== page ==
'Bones' Inspires A New Generation Of Crime Fighters

Kathy Reichs, the writer and scientist behind the TV show Bones, is back with a new novel for young adults. Code: A Virals Novel stars Tory Brennan, great-niece of Reich's famed crime-solving heroine Tempe Brennan. Reichs discusses the book, co-written with Brendan Reichs.

Medical Treatments
12:03 pm
Fri March 15, 2013

Arming Fat Cells to Fight Brain Cancer

Harvesting stem cells from human fat may be an effective way to treat brain cancer, researchers report in the journal PLoS One. Alfredo Quinones-Hinojosa, of the Johns Hopkins School of Medicine, explains how fat cells can be used as Trojan horses to fight cancer.

Science
12:03 pm
Fri March 15, 2013

Physicists Tie Water Into Knots

Reporting in the journal Nature Physics, William Irvine and Dustin Kleckner, physicists at the University of Chicago, have created a knotted fluid vortex in the lab — a scientific first, they say. The knots resemble smoke rings — except these are made of water, and they're shaped like pretzels, not donuts. Understanding knottiness has extra-large applications, like understanding dynamics of the sun.

NPR Story
10:41 am
Fri March 15, 2013

And The Award For Best Picture Goes To....

Originally published on Fri March 15, 2013 12:03 pm

More than 450 photographers submitted a shot to SciFri's Winter Nature Photo Contest, and thousands of fans helped choose a winner. Contest judge Clay Bolt discusses the winning entry, and what makes for a prize-winning shot. Plus, tips for budding nature photographers.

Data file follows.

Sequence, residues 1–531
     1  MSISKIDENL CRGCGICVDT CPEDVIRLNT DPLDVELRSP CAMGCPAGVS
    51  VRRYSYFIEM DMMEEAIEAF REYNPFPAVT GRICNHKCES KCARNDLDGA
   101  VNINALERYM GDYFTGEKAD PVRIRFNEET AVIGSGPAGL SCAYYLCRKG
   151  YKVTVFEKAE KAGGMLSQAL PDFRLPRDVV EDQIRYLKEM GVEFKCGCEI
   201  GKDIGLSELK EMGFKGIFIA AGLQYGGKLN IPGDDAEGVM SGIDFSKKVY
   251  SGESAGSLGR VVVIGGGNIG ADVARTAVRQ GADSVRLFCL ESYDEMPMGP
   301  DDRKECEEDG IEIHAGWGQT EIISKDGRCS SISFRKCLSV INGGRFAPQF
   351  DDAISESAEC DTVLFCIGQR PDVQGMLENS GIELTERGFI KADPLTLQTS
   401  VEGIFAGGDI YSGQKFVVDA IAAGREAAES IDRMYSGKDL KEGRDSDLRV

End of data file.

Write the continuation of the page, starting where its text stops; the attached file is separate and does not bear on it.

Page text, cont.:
NPR Story
10:41 am
Fri March 15, 2013

Can Just One Concussion Change the Brain?

Originally published on Fri March 15, 2013 12:03 pm

Suffering a single concussion may cause lasting brain damage, researchers report in the journal Radiology. Steven Flanagan, co-director of the Concussion Center at NYU Langone Medical Center, discusses the findings, and why diagnosing a concussion is so difficult.

TED Radio Hour
9:28 am
Fri March 15, 2013

Are We Plugged-In, Connected, But Alone?

Sherry Turkle is concerned about how our devices are changing us, as human beings.
James Duncan Davidson TED

Originally published on Fri February 28, 2014 7:36 am

Part 1 of the TED Radio Hour episode Do We Need Humans?

About Sherry Turkle's TEDTalk

As we expect more from technology, do we expect less from each other? Sherry Turkle looks at how devices and online personas are redefining human connection. She says we need to really think about the kinds of connections we want to have.

About Sherry Turkle